What about that sprinkler system? Is it in service? When was the last time it was serviced? What about the monitoring company? Call the company while on site and verify that it is still in fact monitoring the systems. Ask if there have been any alarms or issues; verify the address and who is being contacted in activation. You may be surprised to find out that many of the systems are not being monitored.

When you are conducting the inspection, focus only on that facility, not the next stop, your upcoming vacation, or lunch. Ask questions about the operation, storage of materials, and the contents of those rooms they don’t want you to see. Stay focused.

There is no excuse for not doing a complete and thorough inspection while at a facility. I know we are all understaffed and underfunded and that code enforcement takes a back seat to other pressing issues. However, we as code officials need to step up and take action. Let those in charge know we have to improve our programs and the way we are conducting inspections. Fire code enforcement is a very serious responsibility, yet for numerous reasons, more and more facilities are not being inspected annually. Suppression systems that are not installed correctly or being monitored are receiving final approvals. There are obstructed and locked exit doors and the hazardous storage of flammables and combustibles; the list goes on.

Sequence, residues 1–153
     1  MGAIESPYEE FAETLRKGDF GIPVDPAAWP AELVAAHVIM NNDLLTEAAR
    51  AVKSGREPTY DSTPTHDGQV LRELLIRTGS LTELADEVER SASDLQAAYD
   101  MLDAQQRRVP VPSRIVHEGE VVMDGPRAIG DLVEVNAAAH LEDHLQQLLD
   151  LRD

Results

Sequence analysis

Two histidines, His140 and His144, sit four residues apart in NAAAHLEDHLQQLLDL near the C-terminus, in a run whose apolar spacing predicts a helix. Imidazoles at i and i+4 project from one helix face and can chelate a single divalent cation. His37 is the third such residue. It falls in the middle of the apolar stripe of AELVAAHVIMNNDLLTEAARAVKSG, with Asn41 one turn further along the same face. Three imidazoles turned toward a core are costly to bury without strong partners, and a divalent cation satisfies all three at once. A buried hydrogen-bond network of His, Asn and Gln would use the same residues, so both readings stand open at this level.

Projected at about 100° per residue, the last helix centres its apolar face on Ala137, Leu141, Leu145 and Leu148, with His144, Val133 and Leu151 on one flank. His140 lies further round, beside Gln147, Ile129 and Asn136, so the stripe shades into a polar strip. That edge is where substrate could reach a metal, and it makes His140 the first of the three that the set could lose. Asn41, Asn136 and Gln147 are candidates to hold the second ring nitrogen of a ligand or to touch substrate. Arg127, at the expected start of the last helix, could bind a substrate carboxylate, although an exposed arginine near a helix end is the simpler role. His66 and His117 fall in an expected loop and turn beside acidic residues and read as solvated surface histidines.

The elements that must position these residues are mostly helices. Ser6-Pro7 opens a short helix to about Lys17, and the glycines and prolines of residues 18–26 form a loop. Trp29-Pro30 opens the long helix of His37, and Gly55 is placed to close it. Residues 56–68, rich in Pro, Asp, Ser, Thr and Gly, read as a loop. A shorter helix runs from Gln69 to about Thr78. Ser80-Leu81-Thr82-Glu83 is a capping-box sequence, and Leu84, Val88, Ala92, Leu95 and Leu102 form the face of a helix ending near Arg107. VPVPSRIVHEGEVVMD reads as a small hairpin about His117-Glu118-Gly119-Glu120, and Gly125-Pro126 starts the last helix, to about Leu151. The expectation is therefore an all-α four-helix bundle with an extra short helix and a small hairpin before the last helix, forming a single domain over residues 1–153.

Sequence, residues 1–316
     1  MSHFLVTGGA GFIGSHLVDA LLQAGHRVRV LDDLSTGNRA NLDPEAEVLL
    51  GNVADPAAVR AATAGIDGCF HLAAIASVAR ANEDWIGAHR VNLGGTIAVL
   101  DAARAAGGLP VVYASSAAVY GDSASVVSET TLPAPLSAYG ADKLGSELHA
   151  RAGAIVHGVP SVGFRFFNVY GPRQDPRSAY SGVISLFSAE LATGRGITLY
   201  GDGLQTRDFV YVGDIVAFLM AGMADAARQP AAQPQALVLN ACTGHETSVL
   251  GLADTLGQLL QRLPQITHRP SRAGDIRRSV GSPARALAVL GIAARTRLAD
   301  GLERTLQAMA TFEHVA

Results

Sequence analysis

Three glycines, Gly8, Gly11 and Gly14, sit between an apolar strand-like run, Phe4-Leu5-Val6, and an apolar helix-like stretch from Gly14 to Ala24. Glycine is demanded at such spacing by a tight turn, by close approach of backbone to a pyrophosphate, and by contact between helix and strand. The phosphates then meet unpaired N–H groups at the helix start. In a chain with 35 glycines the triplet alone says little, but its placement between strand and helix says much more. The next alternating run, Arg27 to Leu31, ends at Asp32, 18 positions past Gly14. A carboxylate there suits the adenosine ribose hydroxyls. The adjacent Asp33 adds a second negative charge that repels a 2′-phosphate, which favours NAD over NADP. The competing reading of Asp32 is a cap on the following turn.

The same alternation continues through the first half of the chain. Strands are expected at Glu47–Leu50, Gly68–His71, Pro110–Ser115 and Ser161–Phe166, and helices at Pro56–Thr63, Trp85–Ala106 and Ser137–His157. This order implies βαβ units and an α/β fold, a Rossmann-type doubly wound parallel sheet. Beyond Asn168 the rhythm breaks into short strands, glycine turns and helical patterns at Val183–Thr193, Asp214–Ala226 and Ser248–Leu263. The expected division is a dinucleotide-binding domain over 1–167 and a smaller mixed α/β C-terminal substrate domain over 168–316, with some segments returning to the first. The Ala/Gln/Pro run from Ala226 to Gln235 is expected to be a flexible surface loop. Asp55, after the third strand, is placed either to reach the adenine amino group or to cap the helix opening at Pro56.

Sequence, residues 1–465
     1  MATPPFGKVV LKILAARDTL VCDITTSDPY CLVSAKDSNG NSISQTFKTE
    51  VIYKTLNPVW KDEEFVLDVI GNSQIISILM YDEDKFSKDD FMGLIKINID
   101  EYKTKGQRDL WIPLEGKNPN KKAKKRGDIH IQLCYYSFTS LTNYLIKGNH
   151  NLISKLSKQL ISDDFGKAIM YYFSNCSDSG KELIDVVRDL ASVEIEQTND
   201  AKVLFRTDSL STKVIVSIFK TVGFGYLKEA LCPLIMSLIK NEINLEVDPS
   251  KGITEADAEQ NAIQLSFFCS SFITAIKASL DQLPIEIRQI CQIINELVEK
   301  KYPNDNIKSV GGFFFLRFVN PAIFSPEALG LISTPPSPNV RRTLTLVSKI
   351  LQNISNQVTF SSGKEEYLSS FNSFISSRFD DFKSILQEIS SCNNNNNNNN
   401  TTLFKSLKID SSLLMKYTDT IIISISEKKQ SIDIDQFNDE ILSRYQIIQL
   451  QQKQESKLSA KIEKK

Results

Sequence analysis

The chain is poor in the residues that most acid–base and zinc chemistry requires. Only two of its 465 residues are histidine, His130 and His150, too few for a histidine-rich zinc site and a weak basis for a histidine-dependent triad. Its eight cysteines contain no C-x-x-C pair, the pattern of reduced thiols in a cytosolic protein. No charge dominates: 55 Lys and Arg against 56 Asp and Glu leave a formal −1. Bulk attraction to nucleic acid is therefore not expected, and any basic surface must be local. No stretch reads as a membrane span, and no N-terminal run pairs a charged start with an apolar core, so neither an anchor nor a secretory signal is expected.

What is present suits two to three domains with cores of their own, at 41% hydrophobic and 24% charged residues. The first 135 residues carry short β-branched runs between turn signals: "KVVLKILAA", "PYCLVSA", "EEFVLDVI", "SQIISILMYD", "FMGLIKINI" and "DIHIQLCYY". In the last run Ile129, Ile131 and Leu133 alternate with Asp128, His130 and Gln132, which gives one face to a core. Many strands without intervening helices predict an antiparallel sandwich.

We need to get out there and properly enforce the codes. We cannot continue on with selective enforcement or just target hazards. We need to improve our inspection techniques. We need to continue our education with regard to not only the fire code but also the items within the code. We need to know how these protection devices function. We need to know that the correct fire extinguishers are in place within certain areas. We need to understand how a kitchen suppression system functions and what items should be turned on or off if the system activates.

There is more to being a fire inspector than passing a test. Continue your education; take additional classes, not just the required continuing education units for certification. Learn about what you are inspecting. Communicate with other officials in your area and other areas. Learn from them, and be the best you can be at your profession.

Charles Prince
Director of Fire and Safety Training
Aidant Fire Protection
Scottsdale, Arizona